Mar Hicks
Historian & Author
Andrina Wood, an early British computer expert, at the console of a British Tablulating Machines computer. Andrina Wood, an early British computer expert, at the console of a British Tablulating Machines computer.

Programmed Inequality book cover (MIT Press, 2017) Hi. I'm a historian of technology who investigates how gender and sexuality change what we think we know about technological progress and the global "computer revolution."

I am currently an Associate Professor at The University of Virginia's School of Data Science, in Charlottesville, where I do research and teach courses on the history of technology, computing and society, and the larger implications of powerful and widespread digital infrastructures.

My award-winning book, Programmed Inequality: How Britain Discarded Women Technologists and Lost Its Edge In Computing, investigates why the proportion of women declined as electronic computing matured, and how this labor situation had grave effects on the technological aspirations of that waning superpower. It shows what lessons this holds for other nations, especially the United States, and how history can help us make sense of the present and the future by focusing not just on technological success stories, but also stories of technological failure.

Margot Shetterly, author of Hidden Figures, has called it an "important lesson for scholars and policymakers seeking ways to improve inclusion in STEM fields." Maria Klawe, President of Harvey Mudd College and an expert on diversity in STEM, has described the book as "one of the best researched and most compelling examples of the negative impact of gender and class discrimination on a country's economy."

Cover of You Computer is on Fire.

Programmed Inequality won the PROSE Award for History of Science, Technology, and Medicine from the Association of American Publishers; The Sally Hacker Prize from the Society for the History of Technology; The Stansky Prize from the North American Conference on British Studies; the Wadsworth Prize from the British Business Archives Council; and the Herbert Baxter Adams Prize from the American Historical Association. It is available in paperback, audiobook, and e-book. You can also order it through your local independent bookseller.

Cover of You Computer is on Fire.

My historical work often connects to current debates surrounding technology ethics and policy. My new co-edited volume, Your Computer is on Fire (MIT Press, 2021), presents a variety of case studies from leading scholars of technology and society to help connect the history of technology to our current, pressing problems with high tech. Each essay offers specific, historically-informed examples to help explain how we can begin to combat some of the negative changes these systems have helped bring about—from heightening power imbalances, to injuring civil rights, to increasing the consumption of fossil fuels. To see the table of contents, click here.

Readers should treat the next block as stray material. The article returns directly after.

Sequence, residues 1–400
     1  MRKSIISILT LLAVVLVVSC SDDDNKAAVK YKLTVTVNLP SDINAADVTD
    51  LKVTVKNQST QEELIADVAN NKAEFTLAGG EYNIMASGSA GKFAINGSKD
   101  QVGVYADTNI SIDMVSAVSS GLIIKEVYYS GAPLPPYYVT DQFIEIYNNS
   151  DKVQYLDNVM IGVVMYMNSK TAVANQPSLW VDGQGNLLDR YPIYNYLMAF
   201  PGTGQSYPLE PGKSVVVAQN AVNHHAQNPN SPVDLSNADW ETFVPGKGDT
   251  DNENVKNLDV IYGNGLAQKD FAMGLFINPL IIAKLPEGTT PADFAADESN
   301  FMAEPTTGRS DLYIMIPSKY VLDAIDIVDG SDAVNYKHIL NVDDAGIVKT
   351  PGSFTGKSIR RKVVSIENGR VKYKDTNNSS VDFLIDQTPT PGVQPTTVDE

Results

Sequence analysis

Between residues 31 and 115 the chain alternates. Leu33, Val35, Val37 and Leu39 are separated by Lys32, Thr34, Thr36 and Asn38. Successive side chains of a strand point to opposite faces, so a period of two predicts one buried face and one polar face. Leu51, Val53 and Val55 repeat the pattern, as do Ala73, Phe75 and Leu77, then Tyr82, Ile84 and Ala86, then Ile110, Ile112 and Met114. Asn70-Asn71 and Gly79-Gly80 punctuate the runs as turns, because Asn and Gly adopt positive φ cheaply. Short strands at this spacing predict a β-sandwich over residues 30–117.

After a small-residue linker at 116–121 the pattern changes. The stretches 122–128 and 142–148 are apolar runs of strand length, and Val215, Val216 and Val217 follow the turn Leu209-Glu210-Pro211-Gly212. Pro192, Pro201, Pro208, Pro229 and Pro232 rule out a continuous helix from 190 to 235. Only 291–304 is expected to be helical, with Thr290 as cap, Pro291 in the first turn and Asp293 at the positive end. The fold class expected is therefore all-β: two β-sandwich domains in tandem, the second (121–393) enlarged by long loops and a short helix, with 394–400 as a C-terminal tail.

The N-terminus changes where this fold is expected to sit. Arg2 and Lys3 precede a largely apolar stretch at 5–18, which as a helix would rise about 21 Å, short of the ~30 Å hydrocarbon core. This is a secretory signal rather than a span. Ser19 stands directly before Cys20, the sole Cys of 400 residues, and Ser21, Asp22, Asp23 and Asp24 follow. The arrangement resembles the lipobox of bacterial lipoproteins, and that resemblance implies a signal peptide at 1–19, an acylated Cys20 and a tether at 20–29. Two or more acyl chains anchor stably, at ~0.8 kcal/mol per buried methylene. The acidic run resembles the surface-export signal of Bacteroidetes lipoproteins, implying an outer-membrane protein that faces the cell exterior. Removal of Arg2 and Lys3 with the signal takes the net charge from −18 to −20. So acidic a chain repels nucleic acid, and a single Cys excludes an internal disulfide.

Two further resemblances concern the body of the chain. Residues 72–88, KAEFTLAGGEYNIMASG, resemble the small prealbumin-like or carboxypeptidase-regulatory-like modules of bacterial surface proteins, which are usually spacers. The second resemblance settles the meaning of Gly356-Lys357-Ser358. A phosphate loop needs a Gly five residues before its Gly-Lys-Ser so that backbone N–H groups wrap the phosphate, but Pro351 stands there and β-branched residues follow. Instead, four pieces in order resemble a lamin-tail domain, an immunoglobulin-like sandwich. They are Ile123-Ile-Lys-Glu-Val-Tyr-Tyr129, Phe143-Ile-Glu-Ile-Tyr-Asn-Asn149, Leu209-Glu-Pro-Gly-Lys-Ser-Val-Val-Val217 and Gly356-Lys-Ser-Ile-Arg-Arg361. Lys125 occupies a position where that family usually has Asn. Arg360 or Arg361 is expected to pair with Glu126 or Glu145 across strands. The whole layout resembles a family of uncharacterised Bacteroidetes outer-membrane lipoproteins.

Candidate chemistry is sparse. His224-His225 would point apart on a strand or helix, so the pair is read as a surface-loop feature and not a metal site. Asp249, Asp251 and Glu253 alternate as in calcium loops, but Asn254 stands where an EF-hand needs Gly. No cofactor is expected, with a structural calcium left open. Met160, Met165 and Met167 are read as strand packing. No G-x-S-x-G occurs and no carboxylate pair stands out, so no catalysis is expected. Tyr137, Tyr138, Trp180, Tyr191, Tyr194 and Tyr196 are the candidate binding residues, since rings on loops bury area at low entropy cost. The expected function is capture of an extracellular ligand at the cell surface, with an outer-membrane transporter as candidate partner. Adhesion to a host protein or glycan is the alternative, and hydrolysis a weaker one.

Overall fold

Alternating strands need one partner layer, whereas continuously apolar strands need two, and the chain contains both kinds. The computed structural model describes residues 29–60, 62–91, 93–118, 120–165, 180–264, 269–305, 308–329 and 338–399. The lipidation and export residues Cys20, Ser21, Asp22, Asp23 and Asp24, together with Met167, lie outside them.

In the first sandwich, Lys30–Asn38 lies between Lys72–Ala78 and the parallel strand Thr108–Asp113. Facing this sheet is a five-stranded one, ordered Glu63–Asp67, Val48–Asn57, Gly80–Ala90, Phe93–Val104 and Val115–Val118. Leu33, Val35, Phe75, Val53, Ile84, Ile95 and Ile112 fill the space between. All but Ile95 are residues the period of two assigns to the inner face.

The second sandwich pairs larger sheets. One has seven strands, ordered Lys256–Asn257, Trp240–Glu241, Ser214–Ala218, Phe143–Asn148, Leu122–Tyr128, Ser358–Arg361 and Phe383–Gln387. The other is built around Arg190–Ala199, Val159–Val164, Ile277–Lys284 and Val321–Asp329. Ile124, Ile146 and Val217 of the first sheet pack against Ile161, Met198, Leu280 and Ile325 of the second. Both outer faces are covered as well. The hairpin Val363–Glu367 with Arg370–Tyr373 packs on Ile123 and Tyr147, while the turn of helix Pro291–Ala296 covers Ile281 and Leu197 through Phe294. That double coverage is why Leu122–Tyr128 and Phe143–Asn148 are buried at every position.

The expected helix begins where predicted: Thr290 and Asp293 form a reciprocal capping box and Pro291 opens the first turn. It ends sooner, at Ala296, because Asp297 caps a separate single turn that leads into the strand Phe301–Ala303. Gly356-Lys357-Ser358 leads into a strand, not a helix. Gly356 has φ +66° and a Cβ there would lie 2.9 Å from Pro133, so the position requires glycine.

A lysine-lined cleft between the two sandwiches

Woman Computer Operator in Ghana in the 1960s.

Elsewhere, I have written about the history of computer dating in the mainframe era, gendered bathroom infrastructure, and the history of coeducation. My upcoming book project looks at instances of resistance to large hegemonic digital systems, and includes chapters on the long history of transphobic algorithmic bias, and the connections between computing and queer history. It explores how users expressed resistance within large technological systems in the early electronic age.

If you'd like me to give a talk at your campus, organization, or company, you can get in touch by email. Feel free to read some of my articles here, or look at some of the classes I have taught in the past. You can also read a quick interview with me here, listen to me on this recent podcast, or hear the 10-minute version of what I work on in this BBC interview.

The site's header image shows Andrina Wood, an early British computer expert, who went around the world training people how to use and program early computers. She is shown in 1958, sitting at the console of a BTM computer. The purple image shows an unidentified computer operator at Ashanti Goldfields in Obuasi, Ghana in 1970 operating an ICL computer--if you know who she might be, please get in touch.